“ANNOUNCEMENT to everyone that will use the terminal: No one will be allowed inside the terminal unless you are a passenger and you are holding a ticket.”
So said Gov. Gwendolyn Garcia, who stressed the need to keep the Cebu South Bus Terminal (CSBT) free of loitering bystanders to ensure the safety and convenience of passengers.
CSBT management officially started implementing the “No ticket, No entry” policy on Tuesday afternoon, Oct. 29, 2019.
Ticketing agents of bus lines set up booths at Entrance 2 where they issue tickets to passengers.
The policy, though, has caught some passengers off guard.
Anne (real name withheld) said she got confused when her taxi was not allowed to enter the premises.
Before, Anne said, the taxi would drop her off at the unloading area inside the CSBT, and she would then hop on a bus. The conductor didn’t issue tickets until they were already on the road, she said.
“I’ve observed that some passengers had to be separated from their bulky bags because the entrance got too crowded. I usually leave for my hometown around this time for kalag-kalag (All Saints’ and All Souls’ Days) and it had always been hassle-free for me. Why can’t they just let us take our seats inside the bus and issue the tickets there?” she told SunStar Cebu in a mix of English and Cebuano.
Garcia lamented that she had wanted to reintroduce the policy, which was implemented during her earlier stint as governor, a few weeks ago ahead of the peak season for the observance of All Saints’ and All Souls’ Days.
“I had already insisted as far back as two weeks ago that we should go back to the previous policy so that all the bus lines should have their ticketing agents prior to entrance into the passenger waiting area,” Garcia said.
On Oct. 16, 2019, the Office of the Governor received a complaint from a university professor from Zamboanga who reported his bag, which contained several documents and a laptop, missing. He said he last saw his bag at the CSBT.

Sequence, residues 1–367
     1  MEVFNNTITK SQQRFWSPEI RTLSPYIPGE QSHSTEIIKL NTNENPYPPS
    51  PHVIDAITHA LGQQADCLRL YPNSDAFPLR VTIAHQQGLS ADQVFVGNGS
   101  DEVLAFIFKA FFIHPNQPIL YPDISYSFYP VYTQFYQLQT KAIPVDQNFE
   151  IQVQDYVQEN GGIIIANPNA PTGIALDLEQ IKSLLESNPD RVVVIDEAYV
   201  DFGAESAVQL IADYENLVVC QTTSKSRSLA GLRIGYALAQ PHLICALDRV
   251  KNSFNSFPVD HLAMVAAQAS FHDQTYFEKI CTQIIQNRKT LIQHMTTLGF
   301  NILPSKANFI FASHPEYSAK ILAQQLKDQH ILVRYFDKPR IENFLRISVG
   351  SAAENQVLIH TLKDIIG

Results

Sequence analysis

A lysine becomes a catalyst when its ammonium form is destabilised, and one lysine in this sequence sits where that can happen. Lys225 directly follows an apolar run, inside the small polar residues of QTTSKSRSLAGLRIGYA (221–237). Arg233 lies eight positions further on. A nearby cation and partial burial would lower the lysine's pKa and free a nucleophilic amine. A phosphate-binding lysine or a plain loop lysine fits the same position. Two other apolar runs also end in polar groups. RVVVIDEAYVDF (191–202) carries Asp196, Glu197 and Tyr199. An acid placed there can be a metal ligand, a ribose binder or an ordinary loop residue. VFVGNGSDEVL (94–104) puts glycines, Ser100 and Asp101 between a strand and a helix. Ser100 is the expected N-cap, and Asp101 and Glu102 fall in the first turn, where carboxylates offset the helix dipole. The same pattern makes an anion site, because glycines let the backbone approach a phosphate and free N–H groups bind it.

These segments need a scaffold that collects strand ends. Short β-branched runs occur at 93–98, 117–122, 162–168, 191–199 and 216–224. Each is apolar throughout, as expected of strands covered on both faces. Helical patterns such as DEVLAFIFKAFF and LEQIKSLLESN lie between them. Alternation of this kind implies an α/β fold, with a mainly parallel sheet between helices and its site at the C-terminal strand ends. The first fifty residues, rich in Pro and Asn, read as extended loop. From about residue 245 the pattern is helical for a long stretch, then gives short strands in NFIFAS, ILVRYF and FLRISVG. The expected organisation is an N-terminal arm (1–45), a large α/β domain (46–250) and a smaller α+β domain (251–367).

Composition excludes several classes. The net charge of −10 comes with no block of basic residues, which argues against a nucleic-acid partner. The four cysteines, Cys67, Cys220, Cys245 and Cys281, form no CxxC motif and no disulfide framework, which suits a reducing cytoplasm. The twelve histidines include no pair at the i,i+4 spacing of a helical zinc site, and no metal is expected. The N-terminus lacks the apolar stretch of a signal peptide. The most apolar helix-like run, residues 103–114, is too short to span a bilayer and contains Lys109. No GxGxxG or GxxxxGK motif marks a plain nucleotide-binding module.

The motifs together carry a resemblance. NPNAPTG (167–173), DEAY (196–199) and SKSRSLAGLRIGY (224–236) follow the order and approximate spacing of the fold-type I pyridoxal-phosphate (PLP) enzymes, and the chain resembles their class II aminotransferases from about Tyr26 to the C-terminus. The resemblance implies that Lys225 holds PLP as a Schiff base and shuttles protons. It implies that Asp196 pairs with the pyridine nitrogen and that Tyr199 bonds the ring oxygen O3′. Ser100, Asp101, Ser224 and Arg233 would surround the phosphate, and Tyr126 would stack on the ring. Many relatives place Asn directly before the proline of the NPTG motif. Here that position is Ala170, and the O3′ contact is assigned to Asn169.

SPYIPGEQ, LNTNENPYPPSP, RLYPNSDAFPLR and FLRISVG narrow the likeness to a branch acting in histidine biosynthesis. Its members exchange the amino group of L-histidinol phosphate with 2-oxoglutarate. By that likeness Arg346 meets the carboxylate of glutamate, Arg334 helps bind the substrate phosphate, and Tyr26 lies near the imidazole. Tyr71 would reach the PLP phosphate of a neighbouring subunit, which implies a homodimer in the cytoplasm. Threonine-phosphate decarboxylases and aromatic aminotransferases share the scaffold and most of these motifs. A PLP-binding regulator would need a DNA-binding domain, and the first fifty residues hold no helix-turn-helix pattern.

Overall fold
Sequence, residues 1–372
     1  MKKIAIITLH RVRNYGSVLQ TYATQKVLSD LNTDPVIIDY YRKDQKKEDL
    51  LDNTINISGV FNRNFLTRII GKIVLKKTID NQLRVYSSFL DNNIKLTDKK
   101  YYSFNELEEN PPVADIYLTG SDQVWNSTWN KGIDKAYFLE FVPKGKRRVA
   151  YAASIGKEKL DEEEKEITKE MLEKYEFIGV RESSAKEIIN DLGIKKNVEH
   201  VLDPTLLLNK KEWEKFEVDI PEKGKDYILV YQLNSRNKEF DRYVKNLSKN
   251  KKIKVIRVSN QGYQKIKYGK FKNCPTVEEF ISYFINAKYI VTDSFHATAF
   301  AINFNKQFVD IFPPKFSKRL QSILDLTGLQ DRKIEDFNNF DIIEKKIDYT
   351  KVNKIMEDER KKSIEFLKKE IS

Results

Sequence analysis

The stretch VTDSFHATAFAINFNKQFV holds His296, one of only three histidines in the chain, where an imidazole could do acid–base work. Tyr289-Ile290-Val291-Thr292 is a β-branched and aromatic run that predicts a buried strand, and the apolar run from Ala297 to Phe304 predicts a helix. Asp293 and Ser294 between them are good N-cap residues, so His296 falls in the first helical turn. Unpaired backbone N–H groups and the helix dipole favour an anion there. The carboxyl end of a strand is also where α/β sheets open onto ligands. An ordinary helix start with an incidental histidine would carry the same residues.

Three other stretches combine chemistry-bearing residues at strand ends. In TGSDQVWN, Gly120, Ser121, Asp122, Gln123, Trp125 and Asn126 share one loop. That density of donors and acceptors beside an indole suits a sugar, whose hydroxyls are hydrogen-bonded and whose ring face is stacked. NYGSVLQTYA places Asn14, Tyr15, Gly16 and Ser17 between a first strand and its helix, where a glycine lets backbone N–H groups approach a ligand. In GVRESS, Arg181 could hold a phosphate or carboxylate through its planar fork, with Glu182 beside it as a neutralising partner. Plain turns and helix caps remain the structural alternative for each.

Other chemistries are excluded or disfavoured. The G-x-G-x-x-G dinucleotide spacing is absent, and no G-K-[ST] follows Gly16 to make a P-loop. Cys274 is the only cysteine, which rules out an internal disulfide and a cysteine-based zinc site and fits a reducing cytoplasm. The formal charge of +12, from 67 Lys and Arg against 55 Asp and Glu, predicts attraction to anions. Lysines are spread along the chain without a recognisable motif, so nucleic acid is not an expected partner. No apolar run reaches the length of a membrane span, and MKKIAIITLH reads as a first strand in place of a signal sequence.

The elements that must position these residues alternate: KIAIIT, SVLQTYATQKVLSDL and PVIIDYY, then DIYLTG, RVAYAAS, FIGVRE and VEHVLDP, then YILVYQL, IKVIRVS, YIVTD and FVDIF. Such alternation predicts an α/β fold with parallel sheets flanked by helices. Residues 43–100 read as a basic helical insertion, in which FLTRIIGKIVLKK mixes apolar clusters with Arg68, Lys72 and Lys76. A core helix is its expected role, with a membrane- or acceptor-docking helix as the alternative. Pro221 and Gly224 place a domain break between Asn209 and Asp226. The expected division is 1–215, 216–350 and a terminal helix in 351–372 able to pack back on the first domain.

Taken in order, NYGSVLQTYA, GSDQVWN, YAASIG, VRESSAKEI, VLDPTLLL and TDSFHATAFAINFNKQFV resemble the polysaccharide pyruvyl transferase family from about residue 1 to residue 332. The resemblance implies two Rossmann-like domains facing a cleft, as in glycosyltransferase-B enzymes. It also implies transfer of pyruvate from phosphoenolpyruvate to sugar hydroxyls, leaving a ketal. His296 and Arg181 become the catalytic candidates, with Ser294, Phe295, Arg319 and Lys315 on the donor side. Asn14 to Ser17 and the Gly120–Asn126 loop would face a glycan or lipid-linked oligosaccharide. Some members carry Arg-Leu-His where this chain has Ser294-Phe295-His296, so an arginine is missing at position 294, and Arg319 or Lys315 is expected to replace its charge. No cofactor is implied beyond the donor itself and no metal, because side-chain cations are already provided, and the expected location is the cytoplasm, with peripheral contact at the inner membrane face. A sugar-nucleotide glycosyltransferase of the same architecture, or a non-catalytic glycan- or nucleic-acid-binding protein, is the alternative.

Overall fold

Saying the incident gave a “bad name” to the Capitol, Garcia called for a meeting with officials of the CSBT on how to maximize security measures at the facility.
Among the points raised was to keep the facility free of non-passengers or people who have no business at the CSBT.
“To my frustration, this was not followed... That is going to cause problems, in so far as the security of our passengers and even the terminal is concerned because anybody can just come in,” Garcia said.
The governor said the reason she wanted the policy implemented ahead of the holiday was because they anticipated more than 50,000 passengers to flock to the CSBT.
CSBT management expects departures to peak on Wednesday afternoon, Oct. 30.
“Why this was not implemented, I can only fathom,” Garcia said. “I reminded them: first and foremost, that is not a shopping mall. That is a terminal. The safety and security of our passengers is paramount.”
The governor held a meeting at the Capitol Tuesday morning to discuss security measures at ports and terminals during the holiday.
In attendance were CSBT officials led by officer-in-charge Carmen Quijano, officials of the Cebu Provincial Police Office, Philippine Coast Guard 7, Cebu Port Authority, Maritime Industry Authority, Maritime Police and the Philippine Army.
“They (CSBT officials) did not attend the rest of the meeting and went back because they had to implement the policy,” Garcia said.
Sought for comment, Cebu Provincial Operators Transport Cooperative chairman and Barili Vice Mayor Julieto “Julie” Flores said: “Actually, I was there during the dry run. It is okay for regular season, but it may not be applicable for peak season (like kalag-kalag). It’s dangerous for passengers to stay outside because the lines are too long.”
In a text message to SunStar Cebu, Flores said he will reserve his comments on the policy for now, since it is still in its early stages.
“It will start on trial and error. After that, the correct system will follow,” he added. (RTF)